When contemplating the nature of aggression, I often ponder idleness in situations which seem to morally demand one’s participation. For instance, if a starving man begs me for food, and I have what I deem to be plenty, yet deny his request, have I aggressed against this man? If a man is drowning beside my boat and I refuse to come to his aid, despite no suspicion that doing so would jeopardize my own well being, am I not guilty of instigating aggression?
The truth of the matter is of utmost importance, for as a Libertarian I understand that all aggression is inherently illegitimate. Furthermore, as I understand it, the instigator of aggression remains not cloaked in the protection of the natural right to live free of the aggression of those against whom he has violated the same natural right. Far from being immutable, natural rights persist only for those who respect the natural rights of others, for nature affords each the right to defend against aggression.
So, for anyone to invoke the right to life, liberty and the pursuit of property as justification for the instigation of aggression, either does not understand the nature of aggression or does and would rather be insistent of ignorance on the matter than honest and open regarding his wrongs.
That there are shades of obligation in the scenarios mentioned above does not escape me. I am well aware that for liberty to prevail, the individual must be free to consider his own well being; to weigh the risk involved when rendering aid to another. There is no justice in coercing by force one to act to his own detriment. No one is morally obligated to risk his life to save another though such an act is most noble and stems from no other place but love of others.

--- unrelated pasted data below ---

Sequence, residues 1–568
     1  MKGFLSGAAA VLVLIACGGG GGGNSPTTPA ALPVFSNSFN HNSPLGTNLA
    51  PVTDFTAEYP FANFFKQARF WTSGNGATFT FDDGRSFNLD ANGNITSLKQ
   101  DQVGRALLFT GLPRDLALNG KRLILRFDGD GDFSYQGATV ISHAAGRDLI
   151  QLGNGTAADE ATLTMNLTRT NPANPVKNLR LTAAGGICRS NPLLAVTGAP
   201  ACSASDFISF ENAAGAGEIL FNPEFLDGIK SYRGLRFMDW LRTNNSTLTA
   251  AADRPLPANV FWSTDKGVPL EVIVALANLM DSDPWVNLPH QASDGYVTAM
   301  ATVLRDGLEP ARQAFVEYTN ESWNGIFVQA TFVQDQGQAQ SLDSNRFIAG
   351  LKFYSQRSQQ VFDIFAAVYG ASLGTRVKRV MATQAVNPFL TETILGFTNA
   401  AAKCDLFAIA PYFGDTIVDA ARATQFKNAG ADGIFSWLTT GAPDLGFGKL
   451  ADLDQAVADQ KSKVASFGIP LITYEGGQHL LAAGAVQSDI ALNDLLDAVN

The cases I am concerned with here are situations where one cannot truthfully assert that the perceived danger was sufficient to justify passiveness. To know with great certainty that failure to lend a hand will result in bodily harm or death to another, and yet choose to remain idle is akin to causing the harm by ones own hands.
Considering again the starving man, who I refuse to aid with food though I have enough to give 10 times the amount requested with no concern for my own ability to feed myself and family, I ask, is there a moral footing on which to stand in claiming that I may do with my property whatever I wish, even to the detriment of others? I know of no Libertarian who upon consideration of this scenario could answer yes. The evidence seems overwhelming to me that I am inclined to believe a poor starving man may be justified in any effort to procure my food by force, under the natural right of self defense. For if I have, with my idleness, instigated aggression – acted in a manor expected to contribute to the demise of another – have I not relegated my own property rights to the rubbish bin, and exposed myself to the possibility of just retaliation?
Do not construe my words here to imply a defense of moral relativism. I am not saying that theft is not immoral in all cases. I believe theft is always immoral. What I am presenting here is the idea that property rights are not violated when a man at deaths door takes by force after making every effort to prevent his end by appealing to the good nature of one who is nearby and burdened with plenty, only to have his most direct potential for rescue deny all moral obligation to render aid and act in a manor intended to ensure his demise.
I find it most regrettable that advocates of the Non Aggression Principle dismiss the notion that idleness may be a form of aggression. Many, by applying a faulty definition of aggression to the Non Aggression principle, arrive at conclusions which aught to violate the conscience of any moral man.
I realize this might not sit well with many Libertarians. I am more than willing to entertain arguments to the contrary. If I have errored in my judgement on this matter, I will be glad for it to be exposed to me.